• prevention
  • exposure
  • appraisal

Fraud management: prevention

Many criminal offences can be avoided with preventative measures. A code of ethics, a compliance programme or a code of conduct form a solid foundation for fraud prevention, since it is often inadequate work regulations, access controls or instructions which are responsible for the weak points in a company.

Fraud management: exposure

Has a suspicion arisen? Then the fraud management system should come into play now, at the latest: above all, internal auditing should now be asked to provide possible clues and evidence. It is not uncommon for anonymous whistleblowers to help uncover incidents. But be careful: ensure that colleagues are not wrongfully denounced anonymously. Processes and procedures for how to act in the event of detection must be defined in advance.

Fraud management: appraisal

If  criminal activity has been exposed, appraisal will begin. This step is perhaps the most difficult in fraud management. Analyses must be made, forensic investigations carried out and possibly preliminary tests undertaken. During appraisal, it can be worthwhile to buy in expertise from outside.

Departments, officials and processes

When it comes to fraud management, many factors have to mesh perfectly: the company only benefits from the system if it works. Internal auditing helps to uncover internal offences, compliance provides the guidelines for employees, and screenings ensure the integrity of applicants and employees. Human resources development staff train employees and raise awareness, the legal department investigates possible breaches of the law, and an ombudsperson mediates in the event of a dispute.

Fraud management and fraud prevention in purchasing

As the aforementioned study made clear, purchasing is also affected by criminal activities, especially with regard to fraud and corruption. The often high procurement volumes contribute to the risk here. To counteract this, companies should first analyse the main risks in procurement and then implement measures to stop possible fraud at an early stage.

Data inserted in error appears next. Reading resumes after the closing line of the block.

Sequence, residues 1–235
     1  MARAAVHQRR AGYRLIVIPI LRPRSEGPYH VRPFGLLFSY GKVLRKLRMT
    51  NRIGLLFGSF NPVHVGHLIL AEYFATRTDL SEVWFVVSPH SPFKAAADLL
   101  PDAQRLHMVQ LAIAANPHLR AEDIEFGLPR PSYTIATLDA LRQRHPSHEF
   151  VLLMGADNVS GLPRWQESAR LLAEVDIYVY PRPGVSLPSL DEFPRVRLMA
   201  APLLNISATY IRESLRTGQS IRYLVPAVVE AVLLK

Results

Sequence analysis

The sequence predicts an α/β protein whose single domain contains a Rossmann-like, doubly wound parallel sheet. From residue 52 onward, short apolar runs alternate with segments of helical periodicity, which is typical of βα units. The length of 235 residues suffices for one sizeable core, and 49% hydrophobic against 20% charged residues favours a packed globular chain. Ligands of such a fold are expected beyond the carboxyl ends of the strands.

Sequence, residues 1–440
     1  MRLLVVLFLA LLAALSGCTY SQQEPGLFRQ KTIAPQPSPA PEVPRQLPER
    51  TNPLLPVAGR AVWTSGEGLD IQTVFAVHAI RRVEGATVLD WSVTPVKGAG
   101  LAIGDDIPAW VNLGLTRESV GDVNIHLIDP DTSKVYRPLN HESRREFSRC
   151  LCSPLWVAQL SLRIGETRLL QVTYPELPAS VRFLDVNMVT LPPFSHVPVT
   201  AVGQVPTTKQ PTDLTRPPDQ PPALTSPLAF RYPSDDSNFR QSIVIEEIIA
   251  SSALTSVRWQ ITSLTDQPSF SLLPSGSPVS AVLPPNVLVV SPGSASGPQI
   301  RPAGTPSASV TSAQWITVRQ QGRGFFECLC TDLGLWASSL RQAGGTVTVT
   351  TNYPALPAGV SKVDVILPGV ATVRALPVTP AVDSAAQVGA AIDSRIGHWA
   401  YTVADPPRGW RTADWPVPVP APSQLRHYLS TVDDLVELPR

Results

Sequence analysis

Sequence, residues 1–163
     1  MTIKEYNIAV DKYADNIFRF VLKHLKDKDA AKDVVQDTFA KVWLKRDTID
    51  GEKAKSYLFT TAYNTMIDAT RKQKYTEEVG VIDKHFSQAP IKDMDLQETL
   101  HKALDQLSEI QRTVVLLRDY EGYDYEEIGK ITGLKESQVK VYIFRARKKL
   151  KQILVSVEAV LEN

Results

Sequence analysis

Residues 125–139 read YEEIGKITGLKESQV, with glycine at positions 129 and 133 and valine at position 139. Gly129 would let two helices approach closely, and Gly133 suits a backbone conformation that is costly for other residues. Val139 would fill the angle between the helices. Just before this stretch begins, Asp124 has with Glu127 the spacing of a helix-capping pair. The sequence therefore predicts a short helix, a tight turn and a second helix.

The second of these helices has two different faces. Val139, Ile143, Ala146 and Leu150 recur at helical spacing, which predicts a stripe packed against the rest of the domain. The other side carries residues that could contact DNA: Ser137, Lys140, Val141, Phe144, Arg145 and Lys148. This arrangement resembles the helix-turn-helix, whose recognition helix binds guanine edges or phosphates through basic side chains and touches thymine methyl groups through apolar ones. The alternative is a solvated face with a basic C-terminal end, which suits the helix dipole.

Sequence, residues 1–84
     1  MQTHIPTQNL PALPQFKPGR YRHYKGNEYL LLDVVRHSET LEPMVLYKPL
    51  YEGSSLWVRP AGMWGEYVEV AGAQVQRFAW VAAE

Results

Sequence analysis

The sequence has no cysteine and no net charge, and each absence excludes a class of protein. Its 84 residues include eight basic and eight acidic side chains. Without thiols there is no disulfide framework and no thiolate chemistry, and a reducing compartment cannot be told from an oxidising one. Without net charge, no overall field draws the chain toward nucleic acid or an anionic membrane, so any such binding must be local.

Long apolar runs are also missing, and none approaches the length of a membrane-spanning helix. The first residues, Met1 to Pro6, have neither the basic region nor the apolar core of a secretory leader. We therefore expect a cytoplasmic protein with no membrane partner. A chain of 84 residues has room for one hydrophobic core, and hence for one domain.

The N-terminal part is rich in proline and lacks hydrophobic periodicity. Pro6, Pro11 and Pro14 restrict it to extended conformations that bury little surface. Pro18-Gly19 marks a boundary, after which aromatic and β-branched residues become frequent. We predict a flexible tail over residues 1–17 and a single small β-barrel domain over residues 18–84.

These measures include regular controlling of the purchasing data to identify conspicuous prices or discounts as well as conspicuous process data, for example executed orders without purchase requisitions or failure to obtain a range of quotes. If irregularities are found, an examination must be carried out, since there are often plausible reasons for such purchasing processes. In addition, to minimise opportunities for fraudulent or otherwise criminal activity, companies should take measures which make such practices more difficult for employees - for example, the introduction or optimisation of tendering processes.


The many threats facing modern companies, with their highly complex technical infrastructures, make fraud prevention and fraud management vitally important. Establishing a fraud management system requires considerable effort. However, this effort is offset by a high sustainable benefit.